Though both commonly available plants from this genus produce many umbrella-shaped clusters of tiny flowers, they are valued for their fernlike foliage. In one, chervil, the leaves are used in cooking; in the second, the foliage brings deep, striking color to the perennial border.
Low foliage mounds about a foot wide. Flower stems, 1–2 ft. topped with white blossoms in summer. The leaves have a parsley-like flavor with overtones of anise; use like parsley, fresh or dried. Sow seeds in place in early spring (in cold-winter areas) or in fall (where winters are mild). In the following years, volunteer seedlings will keep you supplied with new plants. Goes to seed quickly in hot weather; keep flower clusters cut to encourage leafy growth.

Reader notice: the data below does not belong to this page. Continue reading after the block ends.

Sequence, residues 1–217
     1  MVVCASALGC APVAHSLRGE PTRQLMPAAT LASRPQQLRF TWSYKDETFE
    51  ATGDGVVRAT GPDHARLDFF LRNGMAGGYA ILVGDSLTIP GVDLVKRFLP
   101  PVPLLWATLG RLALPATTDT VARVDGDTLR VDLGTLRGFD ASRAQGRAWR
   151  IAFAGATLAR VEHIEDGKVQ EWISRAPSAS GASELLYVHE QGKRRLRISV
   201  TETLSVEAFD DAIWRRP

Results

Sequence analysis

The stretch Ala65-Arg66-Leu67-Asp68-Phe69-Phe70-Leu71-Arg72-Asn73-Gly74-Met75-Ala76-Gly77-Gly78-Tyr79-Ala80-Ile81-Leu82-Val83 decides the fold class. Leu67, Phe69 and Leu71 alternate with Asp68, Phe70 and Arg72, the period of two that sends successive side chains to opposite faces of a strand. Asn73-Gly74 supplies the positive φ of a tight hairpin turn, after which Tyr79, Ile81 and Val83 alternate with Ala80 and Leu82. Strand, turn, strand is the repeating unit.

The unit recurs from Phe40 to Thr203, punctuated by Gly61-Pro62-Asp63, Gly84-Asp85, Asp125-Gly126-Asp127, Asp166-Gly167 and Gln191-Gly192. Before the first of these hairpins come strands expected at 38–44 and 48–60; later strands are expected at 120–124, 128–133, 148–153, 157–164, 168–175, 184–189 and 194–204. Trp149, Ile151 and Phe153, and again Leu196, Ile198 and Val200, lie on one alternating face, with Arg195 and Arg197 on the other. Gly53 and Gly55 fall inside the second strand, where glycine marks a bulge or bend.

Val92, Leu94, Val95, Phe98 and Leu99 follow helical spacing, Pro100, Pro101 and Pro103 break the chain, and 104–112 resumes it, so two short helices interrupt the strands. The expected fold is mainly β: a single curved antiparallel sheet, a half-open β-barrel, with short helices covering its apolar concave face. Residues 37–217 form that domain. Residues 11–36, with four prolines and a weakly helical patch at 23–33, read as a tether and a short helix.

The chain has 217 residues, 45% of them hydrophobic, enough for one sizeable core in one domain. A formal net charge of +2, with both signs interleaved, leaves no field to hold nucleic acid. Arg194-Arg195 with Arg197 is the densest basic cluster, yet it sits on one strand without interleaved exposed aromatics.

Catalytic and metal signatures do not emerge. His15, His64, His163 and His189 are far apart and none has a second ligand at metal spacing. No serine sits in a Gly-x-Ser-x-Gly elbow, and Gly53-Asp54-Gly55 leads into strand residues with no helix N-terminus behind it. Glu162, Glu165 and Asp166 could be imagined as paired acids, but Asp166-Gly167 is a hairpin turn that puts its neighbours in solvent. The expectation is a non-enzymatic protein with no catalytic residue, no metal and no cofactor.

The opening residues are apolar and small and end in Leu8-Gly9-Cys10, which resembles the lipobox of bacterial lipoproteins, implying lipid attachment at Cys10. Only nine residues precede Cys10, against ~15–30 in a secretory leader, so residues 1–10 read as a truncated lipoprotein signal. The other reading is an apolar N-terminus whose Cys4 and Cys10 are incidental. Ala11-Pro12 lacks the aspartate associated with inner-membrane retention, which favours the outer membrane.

These annual and perennial plants are grown as herbal remedies and for culinary use.
All of these odd-looking plants have decorative stems, but those of P. macrocarpus are bare m...
Small genus of plants from sunny, moist areas in South America. Species include a spreading mound and ...